After over a year's work American Whitewater has released an upgraded version of their Whitewater Accident Database. It's the largest collection of its kind in the world, with over 1600 fatalities and close calls dating back to 1972. Each report has been checked for accuracy and AW Webmaster Ryan Groth greatly improved the search capacity. You can now locate accidents by a dozen different categories and characteristics. Here's how this project came about, how it evolved, why American Whitewater reports accidents and how you can help us keep this project going in the coming years.
On April 12, 2015 a Canadian paddler visiting the US was killed on the Farmlands section of Washington's White Salmon River. Denis Brown, 63, flipped in "triple Drop" rapid, did not roll, and washed iunto a strainer on the river right bank. Mr. Brown came our of his kayak and pinned against the strainer, and his boat washed down and lodged against him. There is an excellent report of this and the vigorous rescue attempt available now in the AW Accident Database.
Shannon Christy, a charismatic young paddler, was killed in Great Falls of the Potomac River on July 11th, 2013. After bailing out below Grace Under Pressure, one of the center chutes, she washed over the notorious "Middle Finger" drop into the Subway, a deadly sieve. There is a full write-up of this fatality in the AW Accident Database. The photo shows Steve Fisher and Jason Beakes during the difficult body recovery.
On March 9, 2013 Dr. Jim McComb died after his kayak pinned vertically in a small ledge on Arizona's East Verde River. His friend Dr. Bill Langhoffer recently forwarded a detailed description of the pin along with several photos which may be useful to any paddler running difficult whitewater. Photo Caption: This view is from the top of the drop as we found the boat weeks later once the water had receded from 500 to 20 cfs, and had transformed from muddy to clear water. The piton rock can be seen (#2). This small rock at the base of the fall is what stopped his boat. The left slant in the rock at the base of the fall can be noticed (#4), with the boat still leaning in that direction. Once his boat sunk in the water it hit that slant and rotated the boat to the left.Jim was now pinned in the slot between the 2 rocks (Red/White and Black) on the river left (#5).The approximate water line at 500 cfs was drawn into the photo, water line.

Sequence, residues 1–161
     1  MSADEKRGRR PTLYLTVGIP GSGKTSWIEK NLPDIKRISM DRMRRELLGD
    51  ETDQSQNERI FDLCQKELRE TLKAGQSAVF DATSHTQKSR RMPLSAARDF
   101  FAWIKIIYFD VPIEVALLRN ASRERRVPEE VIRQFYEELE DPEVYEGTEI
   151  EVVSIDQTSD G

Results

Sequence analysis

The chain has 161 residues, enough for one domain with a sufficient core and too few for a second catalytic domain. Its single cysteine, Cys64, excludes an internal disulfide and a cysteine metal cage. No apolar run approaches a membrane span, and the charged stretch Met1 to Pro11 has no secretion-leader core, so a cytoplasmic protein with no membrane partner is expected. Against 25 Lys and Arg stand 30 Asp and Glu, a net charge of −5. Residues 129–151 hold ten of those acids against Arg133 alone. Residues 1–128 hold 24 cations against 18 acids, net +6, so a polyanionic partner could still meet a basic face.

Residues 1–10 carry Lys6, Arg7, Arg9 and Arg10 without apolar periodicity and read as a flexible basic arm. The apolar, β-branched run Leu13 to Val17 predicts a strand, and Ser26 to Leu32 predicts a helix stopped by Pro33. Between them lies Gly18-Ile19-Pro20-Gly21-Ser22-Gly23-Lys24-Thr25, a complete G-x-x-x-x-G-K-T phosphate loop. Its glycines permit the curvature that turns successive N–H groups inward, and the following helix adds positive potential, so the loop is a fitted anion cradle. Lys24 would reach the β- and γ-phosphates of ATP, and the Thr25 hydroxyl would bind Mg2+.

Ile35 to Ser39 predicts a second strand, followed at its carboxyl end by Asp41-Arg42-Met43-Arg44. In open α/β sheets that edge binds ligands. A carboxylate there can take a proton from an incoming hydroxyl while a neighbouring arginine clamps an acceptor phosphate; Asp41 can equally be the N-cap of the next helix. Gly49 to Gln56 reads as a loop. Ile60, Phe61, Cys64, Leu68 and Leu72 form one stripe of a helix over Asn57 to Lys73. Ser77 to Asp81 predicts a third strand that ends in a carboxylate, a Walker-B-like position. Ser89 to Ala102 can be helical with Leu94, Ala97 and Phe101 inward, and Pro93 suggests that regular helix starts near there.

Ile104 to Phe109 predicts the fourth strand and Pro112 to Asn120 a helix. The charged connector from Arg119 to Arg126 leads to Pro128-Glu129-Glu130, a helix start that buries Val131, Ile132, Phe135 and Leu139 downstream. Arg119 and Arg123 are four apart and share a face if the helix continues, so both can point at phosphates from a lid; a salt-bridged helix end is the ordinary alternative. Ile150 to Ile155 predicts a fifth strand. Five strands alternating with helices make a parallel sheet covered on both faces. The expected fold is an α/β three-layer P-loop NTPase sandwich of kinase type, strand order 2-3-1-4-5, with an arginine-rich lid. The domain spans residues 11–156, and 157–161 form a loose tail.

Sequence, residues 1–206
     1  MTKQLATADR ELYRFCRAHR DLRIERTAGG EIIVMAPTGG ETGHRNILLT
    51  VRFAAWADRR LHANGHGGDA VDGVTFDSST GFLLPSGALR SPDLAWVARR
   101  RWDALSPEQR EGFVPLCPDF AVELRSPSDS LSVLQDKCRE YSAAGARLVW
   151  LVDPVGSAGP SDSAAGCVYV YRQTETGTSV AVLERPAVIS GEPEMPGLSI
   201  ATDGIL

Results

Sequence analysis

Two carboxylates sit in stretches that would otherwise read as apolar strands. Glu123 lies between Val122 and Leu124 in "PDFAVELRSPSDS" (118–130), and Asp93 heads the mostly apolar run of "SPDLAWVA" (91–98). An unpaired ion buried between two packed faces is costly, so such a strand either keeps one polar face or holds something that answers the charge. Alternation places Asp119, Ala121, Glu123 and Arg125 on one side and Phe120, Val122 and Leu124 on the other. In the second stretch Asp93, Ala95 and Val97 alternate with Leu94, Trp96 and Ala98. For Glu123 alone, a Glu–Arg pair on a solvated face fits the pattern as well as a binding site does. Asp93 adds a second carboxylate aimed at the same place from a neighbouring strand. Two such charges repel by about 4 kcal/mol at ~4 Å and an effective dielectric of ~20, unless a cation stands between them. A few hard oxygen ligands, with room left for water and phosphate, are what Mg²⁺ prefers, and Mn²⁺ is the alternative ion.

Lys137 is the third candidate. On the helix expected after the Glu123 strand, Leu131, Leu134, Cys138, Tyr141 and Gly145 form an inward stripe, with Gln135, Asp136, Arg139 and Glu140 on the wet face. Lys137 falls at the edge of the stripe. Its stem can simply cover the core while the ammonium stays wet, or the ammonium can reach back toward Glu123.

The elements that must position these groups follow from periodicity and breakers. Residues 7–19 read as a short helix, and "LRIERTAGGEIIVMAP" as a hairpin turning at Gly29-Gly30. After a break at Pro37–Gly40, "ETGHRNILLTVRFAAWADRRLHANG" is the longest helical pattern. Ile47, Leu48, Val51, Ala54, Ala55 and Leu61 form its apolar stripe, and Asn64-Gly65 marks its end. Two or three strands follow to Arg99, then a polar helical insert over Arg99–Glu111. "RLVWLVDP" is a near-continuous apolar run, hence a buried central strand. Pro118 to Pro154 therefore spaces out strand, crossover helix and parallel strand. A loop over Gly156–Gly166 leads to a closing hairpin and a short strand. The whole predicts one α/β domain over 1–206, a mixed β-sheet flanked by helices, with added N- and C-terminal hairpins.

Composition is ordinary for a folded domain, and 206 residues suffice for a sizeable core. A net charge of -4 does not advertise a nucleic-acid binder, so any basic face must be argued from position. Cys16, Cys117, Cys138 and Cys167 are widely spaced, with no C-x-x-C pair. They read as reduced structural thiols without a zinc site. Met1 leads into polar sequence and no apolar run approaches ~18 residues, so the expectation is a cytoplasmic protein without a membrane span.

American Whitewater's Accident Database contains more than 1000 fatal accidents and near misses reported over the last 35 years. We sometimes give qualified water safety researchers access to this material. Our latest research partner is Ed Kern, a Masters Degree candidate in civil engineering at Brigham Young University in Utah. Click through for more information and a link to his web site.
American Whitewater just received an report on the death of Selby Arno on California's Clear Creek last December. It is very complete and well written; you can read the entire report by clicking on the link below:
A quick-thinking NOC bus driver saved a life during a scheduled September water release on North Carolina’s fast-moving Upper Nantahala River. A kayaker who pulled over above a downed tree didn’t realize that the current there was still powerful enough to cause trouble. Her boat was pushed into and under the log where both disappeared. Fortunately Rob Kelly, a whitewater guide, was driving shuttle bus and witnessed the entrapment. He pulled his bus over and started wading across the river. The rescue was caught by photographer Rick Thompson. To read Mr. Kelly's account, click the link below:
The Little River near Townsend, Tennessee is one of the nicest class III-IV roadside runs in Smokey Mountain National Park. On March 11th an open canoeist flipped in the first drop of "the Meanies" just above The Sinks and washed downstream over a 6' ledge. He was swimming on his back, feet first, lined up with the current when he washed into the backwash and did not reappear. The water "planted" him vertically in rocks below the drop, catching his foot. Many paddlers who were on the river that day participated in the rescue, eventially using a complex live bait system to pull the man free. Click through for a detailed account of what happened.